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Sustainable Heterogeneity as the Unique Socially Optimal Allocation for Almost All Social Welfare Functions

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  • Harashima, Taiji

Abstract

The socially optimal allocation has been regarded to be unspecifiable because of utility’s interpersonal incomparability, Arrow’s general possibility theorem, and other factors. This paper examines this problem by focusing not on the social welfare function but instead on the utility possibility frontier in dynamic models with a heterogeneous population. A unique balanced growth path was found on which all of the optimality conditions of all heterogeneous households are equally and indefinitely satisfied (sustainable heterogeneity). With appropriate government interventions, such a path is always achievable and is uniquely socially optimal for almost all generally usable (i.e., preferences are complete, transitive, and continuous) social welfare functions. The only exceptions are some variants in Nietzsche type social welfare functions, but those types of welfare functions will rarely be adopted in democratic societies. This result indicates that it is no longer necessary to specify the shape of the social welfare function to determine the socially optimal growth path in a heterogeneous population.

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Bibliographic Info

Paper provided by University Library of Munich, Germany in its series MPRA Paper with number 40938.

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Date of creation: 29 Aug 2012
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Handle: RePEc:pra:mprapa:40938

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Related research

Keywords: Sustainability; Heterogeneity; Social Optimality; Social welfare; Social welfare function; Inequality; Evolution;

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  1. Edward C. Prescott, 1997. "Needed: a theory of total factor productivity," Staff Report, Federal Reserve Bank of Minneapolis 242, Federal Reserve Bank of Minneapolis.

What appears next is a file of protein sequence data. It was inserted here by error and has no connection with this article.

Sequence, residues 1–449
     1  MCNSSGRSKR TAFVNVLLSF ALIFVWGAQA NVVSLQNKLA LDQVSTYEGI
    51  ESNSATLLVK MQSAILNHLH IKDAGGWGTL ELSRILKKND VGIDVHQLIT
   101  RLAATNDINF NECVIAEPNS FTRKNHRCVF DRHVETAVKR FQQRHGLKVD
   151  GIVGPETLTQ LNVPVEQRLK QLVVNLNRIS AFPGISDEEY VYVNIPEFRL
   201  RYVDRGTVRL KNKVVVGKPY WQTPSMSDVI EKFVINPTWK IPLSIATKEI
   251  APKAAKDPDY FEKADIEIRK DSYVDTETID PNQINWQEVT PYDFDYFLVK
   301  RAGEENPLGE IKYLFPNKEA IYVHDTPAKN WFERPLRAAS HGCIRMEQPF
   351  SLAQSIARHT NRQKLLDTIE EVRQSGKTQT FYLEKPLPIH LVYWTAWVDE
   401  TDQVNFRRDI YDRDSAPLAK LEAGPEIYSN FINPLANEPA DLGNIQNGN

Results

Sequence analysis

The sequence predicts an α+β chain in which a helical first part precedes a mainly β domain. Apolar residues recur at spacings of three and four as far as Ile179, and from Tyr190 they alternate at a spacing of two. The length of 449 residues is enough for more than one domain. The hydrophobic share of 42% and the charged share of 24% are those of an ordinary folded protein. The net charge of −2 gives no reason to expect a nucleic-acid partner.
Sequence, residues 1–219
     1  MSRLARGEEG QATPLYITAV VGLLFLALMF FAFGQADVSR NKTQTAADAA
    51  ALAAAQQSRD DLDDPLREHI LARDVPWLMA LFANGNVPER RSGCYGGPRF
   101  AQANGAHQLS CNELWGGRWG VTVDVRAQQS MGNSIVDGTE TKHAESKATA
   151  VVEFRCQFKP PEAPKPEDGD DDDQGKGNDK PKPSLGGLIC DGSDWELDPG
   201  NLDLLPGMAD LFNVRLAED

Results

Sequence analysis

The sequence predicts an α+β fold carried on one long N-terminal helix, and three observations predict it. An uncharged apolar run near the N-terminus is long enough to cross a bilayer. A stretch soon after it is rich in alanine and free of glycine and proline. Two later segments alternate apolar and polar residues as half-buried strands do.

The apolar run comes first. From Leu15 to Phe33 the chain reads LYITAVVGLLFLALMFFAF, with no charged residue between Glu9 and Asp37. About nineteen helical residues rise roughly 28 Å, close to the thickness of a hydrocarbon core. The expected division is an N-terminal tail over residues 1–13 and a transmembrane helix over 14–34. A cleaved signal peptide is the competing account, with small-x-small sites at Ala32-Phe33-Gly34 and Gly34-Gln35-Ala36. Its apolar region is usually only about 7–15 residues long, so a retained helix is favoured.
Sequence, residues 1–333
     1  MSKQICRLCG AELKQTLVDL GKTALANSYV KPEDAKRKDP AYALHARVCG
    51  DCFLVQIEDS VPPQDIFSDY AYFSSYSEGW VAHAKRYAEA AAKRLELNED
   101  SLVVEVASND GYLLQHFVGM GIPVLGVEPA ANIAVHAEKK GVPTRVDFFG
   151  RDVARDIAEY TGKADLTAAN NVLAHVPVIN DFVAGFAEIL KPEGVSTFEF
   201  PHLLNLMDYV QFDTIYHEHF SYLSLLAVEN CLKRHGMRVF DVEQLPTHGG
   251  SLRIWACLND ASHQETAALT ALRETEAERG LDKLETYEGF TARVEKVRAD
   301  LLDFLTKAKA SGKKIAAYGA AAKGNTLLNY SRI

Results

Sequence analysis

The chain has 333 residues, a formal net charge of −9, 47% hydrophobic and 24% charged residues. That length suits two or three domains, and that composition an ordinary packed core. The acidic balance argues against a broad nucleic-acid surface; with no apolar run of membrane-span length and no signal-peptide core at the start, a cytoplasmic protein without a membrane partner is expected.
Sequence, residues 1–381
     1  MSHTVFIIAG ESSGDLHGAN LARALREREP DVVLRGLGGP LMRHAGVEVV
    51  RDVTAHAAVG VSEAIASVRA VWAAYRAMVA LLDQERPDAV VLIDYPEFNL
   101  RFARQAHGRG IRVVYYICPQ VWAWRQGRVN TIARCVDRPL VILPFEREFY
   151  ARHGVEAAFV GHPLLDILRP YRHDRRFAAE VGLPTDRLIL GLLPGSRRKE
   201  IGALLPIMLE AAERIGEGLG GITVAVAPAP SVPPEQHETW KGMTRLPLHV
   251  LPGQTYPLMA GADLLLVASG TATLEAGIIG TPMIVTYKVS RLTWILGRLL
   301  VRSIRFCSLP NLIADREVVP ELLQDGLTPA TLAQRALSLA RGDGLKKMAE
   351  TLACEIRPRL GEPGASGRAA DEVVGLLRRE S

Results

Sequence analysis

2. Harashima, Taiji, 2009. "Trade Liberalization and Heterogeneous Rates of Time Preference across Countries: A Possibility of Trade Deficits with China," MPRA Paper 19386, University Library of Munich, Germany.
  3. Taiji Harashima, 2004. "A New Asymptotically Non-Scale Endogenous Growth Model," Development and Comp Systems, EconWPA 0412009, EconWPA, revised 20 Dec 2004.
  4. Harashima, Taiji, 2010. "Sustainable Heterogeneity: Inequality, Growth, and Social Welfare in a Heterogeneous Population," MPRA Paper 22521, University Library of Munich, Germany.
  5. Harashima, Taiji, 2009. "A Theory of Total Factor Productivity and the Convergence Hypothesis: Workers’ Innovations as an Essential Element," MPRA Paper 15508, University Library of Munich, Germany.
  6. Farmer, Roger E A & Lahiri, Amartya, 2003. "Recursive Preferences and Balanced Growth," CEPR Discussion Papers, C.E.P.R. Discussion Papers 3949, C.E.P.R. Discussion Papers.
  7. Taiji Harashima, 2005. "Endogenous Growth Models in Open Economies: A Possibility of Permanent Current Account Deficits," International Trade, EconWPA 0502001, EconWPA, revised 10 Feb 2005.
  8. Andrew A. Samwick, 1997. "Discount Rate Heterogeneity and Social Security Reform," NBER Working Papers 6219, National Bureau of Economic Research, Inc.
  9. Ghiglino, Christian, 2002. "Introduction to a General Equilibrium Approach to Economic Growth," Journal of Economic Theory, Elsevier, Elsevier, vol. 105(1), pages 1-17, July.
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Cited by:
  1. Harashima, Taiji, 2014. "The Representative Household Assumption Requires sustainable Heterogeneity in Dynamic Models," MPRA Paper 57520, University Library of Munich, Germany.
  2. Harashima, Taiji, 2013. "Sustainable Heterogeneity in Exogenous Growth Models: The Socially Optimal Distribution by Government’s Intervention," MPRA Paper 51653, University Library of Munich, Germany.

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